- Arginine (sustained release, 1000 mg twice daily).17
- l-carnitine (1000 mg twice daily).18,19
- Coenzyme Q10 (800 mg daily).
- Fish oil (up to 1500 mg of eicosapentaenoic/docosahexaenoic acid [EPA/DHA] daily with a meal).20
Physicians trained in intravenous nutrient therapy can use appropriate nutrients to achieve more rapid resolution of arrhythmias, such as AF. The following table presents an example of a safe and effective intravenous protocol for arrhythmias:
Table. Intravenous Nutrient Therapya
|Magnesium chloride||200 mg/mL||800 mg|
|Manganese chloride||0.1 mg/mL||1 mg|
|Potassium chloride||2 mEq/mL||10 mEq|
|Taurine||50 mg/mL||250 mg|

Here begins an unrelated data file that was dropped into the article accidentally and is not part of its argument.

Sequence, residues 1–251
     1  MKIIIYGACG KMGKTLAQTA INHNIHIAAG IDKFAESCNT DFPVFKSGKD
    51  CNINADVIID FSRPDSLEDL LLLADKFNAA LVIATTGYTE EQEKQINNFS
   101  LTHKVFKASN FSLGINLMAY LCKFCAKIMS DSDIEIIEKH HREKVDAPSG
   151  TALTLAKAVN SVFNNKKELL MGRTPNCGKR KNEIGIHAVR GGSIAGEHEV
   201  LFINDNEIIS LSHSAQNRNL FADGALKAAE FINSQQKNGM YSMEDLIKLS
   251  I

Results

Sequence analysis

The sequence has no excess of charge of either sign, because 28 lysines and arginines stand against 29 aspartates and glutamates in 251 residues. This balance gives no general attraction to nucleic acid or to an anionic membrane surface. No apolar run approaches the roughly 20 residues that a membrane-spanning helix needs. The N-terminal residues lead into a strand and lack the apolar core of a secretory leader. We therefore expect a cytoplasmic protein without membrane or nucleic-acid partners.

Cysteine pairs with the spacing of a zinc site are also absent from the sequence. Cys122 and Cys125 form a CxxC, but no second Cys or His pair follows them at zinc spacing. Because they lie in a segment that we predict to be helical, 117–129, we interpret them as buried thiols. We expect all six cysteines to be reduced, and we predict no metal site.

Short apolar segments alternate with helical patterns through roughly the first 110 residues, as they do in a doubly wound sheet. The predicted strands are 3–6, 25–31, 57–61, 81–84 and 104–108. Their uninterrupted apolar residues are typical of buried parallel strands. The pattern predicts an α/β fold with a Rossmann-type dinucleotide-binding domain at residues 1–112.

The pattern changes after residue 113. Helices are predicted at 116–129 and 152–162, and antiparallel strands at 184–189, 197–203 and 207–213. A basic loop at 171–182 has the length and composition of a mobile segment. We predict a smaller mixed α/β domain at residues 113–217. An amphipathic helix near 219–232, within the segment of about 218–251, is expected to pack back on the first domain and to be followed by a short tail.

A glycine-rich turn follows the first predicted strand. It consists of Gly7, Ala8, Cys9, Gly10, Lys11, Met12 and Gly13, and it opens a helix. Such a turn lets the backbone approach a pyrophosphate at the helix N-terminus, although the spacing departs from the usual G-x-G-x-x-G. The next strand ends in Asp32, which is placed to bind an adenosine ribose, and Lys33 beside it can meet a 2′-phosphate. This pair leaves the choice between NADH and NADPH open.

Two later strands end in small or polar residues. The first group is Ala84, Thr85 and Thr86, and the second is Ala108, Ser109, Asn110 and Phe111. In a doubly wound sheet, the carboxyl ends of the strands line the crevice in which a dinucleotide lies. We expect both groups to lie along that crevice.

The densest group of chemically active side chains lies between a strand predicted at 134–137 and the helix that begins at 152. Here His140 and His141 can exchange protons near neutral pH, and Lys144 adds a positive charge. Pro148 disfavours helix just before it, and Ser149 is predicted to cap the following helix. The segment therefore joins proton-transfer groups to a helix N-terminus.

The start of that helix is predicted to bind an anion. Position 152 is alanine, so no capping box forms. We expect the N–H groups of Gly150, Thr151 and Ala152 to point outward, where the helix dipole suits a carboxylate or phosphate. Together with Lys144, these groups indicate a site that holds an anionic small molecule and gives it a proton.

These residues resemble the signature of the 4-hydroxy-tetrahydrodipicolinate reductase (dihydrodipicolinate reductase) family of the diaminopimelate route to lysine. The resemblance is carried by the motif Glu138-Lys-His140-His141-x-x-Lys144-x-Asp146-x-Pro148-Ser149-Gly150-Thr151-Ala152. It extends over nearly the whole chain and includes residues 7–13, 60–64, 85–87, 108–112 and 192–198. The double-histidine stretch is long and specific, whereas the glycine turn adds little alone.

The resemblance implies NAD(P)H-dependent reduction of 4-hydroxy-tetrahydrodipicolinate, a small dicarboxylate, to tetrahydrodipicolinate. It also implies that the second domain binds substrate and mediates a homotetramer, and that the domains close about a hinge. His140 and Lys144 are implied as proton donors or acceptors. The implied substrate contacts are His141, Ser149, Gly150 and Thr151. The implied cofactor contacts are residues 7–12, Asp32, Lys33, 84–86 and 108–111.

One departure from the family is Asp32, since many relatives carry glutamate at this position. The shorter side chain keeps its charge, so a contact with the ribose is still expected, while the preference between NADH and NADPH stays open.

|Arginine||100 mg/mL||200 mg|
|Carnitine||100 mg/mL||500 mg|
|Pyridoxine||100 mg/mL||100 mg|
|0.45% Saline||…||250 mL|
aInfuse at a rate of 4 mL/min. Intravenous protocols should not be administered by physicians without proper training in intravenous nutrient therapy.
A 56-year-old man had chronic AF, with onset at age 28 years. Known triggers are monosodium glutamate, dehydration, stress, alcohol, and nitrates. Typically, he has short episodes of AF weekly, controlled with low doses of digoxin. He had an extended episode of AF over the past weekend that was converted by intravenous quinidine. His family history is positive for heart disease; the patient is normotensive. He describes himself as athletic and enjoys outdoor sports, such as hiking.
The patient’s treatment plan includes music, exercise, and meditation for stress reduction. He is encouraged to eat high-potassium foods and whole foods (meat, vegetables, and tubers) and to avoid sugars and alcohol. Supplements include coenzyme Q10 (150 mg daily), magnesium citrate malate (150 mg 3 times daily with meals and at bedtime), and taurine (1000 mg concurrent with the magnesium doses).